Alisha has lived in a first responder family since birth, being born while her father was stationed in the Army. Now, later in life, she is married to a police officer.

Alisha works with first responders and their families to better manage the chaotic influences of life. She especially enjoys working with first responder couples, helping them find joy and fulfillment in their relationship while serving others.

Visit the Code 3 Counseling Website and connect with them on Facebook and Instagram.

Connect with Alisha on Facebook and LinkedIn.

In This Podcast

  • Hiring an assistant “was the game-changer”
  • Be part of a Mastermind group
  • Envision your group practice
  • Alisha’s advice to new group practice owners

Hiring an assistant “was the game-changer”

Hiring my assistant was the game-changer. I don’t think I would have considered opening up a group practice if I didn’t have my assistant. If I didn’t have [my assistant] I would have thrown my hands in the air and [given] up. (Alisha Sweyd)

As a soon-to-be or new group practice owner, an assistant is vital.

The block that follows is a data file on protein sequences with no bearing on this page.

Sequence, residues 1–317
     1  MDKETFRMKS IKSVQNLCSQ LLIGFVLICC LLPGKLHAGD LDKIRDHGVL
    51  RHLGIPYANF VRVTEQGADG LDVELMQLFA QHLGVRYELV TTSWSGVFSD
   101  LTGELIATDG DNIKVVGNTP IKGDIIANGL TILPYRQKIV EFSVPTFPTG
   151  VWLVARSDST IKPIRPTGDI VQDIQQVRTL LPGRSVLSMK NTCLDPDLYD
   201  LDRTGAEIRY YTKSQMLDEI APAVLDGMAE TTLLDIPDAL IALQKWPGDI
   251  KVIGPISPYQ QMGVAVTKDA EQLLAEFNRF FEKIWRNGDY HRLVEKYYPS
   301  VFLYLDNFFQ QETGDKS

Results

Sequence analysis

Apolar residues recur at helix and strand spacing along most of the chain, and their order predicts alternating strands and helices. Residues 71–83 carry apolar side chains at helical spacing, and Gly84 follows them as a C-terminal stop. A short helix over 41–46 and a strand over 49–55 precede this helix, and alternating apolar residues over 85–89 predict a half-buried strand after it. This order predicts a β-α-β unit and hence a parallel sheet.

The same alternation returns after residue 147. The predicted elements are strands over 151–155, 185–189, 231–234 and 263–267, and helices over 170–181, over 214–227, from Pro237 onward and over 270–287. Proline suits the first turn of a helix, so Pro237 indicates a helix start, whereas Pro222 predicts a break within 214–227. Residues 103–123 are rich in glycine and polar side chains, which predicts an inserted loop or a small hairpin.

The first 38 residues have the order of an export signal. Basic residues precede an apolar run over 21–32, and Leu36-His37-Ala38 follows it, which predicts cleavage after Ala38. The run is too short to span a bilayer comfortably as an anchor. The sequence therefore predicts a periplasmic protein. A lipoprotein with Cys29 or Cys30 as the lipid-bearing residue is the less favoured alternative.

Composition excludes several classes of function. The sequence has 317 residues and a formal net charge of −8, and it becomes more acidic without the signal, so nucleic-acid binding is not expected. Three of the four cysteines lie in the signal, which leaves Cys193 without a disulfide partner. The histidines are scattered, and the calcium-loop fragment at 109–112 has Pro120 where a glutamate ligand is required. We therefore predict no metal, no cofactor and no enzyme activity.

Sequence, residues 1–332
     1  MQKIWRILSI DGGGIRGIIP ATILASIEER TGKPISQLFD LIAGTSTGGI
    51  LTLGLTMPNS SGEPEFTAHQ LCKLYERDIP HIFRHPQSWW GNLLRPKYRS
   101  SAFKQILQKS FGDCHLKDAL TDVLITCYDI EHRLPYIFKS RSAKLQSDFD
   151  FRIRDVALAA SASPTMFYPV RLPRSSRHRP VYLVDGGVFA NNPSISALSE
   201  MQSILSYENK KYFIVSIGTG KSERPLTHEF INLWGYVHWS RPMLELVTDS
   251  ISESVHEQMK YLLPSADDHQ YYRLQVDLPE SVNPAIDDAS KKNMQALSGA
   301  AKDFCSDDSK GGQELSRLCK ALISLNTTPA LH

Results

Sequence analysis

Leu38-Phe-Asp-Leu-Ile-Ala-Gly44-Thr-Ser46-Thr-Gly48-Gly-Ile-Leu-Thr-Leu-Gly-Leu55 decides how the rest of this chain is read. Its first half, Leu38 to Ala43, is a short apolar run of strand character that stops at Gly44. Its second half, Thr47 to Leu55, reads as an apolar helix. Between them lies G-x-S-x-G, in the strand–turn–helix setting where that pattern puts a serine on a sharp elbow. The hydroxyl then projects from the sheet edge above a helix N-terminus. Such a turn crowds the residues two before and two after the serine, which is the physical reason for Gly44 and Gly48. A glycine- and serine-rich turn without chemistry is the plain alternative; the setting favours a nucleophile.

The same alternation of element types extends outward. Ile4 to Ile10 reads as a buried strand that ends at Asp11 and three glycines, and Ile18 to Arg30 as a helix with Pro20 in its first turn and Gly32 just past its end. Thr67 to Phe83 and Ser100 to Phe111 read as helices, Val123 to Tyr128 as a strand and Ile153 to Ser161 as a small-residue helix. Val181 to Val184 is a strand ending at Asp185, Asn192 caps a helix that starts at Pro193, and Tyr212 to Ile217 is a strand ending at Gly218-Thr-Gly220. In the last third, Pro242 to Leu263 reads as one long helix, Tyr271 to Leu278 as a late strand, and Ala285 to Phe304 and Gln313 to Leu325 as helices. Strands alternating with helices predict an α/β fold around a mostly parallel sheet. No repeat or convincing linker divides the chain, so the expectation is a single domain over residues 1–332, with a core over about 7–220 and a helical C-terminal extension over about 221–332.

They will help you with admin, scheduling clients, meeting new clinicians, and generally running the practice while you focus on helping it grow.

Be part of a Mastermind group

If you are on the path to opening your group practice, consider joining a Mastermind group like Group Practice Launch.

With endless resources, guidance, and under the expertise of seasoned clinicians alongside other new group practice owners, you have support and companionship.

Seeing everybody else grow … has given me a lot of motivation and drive to be able to know [that] I could do that too, and so I am going to keep going so that I can do that too. (Alisha Sweyd)

Envision your group practice

Think about what your successful group practice is going to look like with everyone involved, from clinicians to administrative staff to clients, and everything in between.

Remember that at this point, not everything is going to be on your shoulders.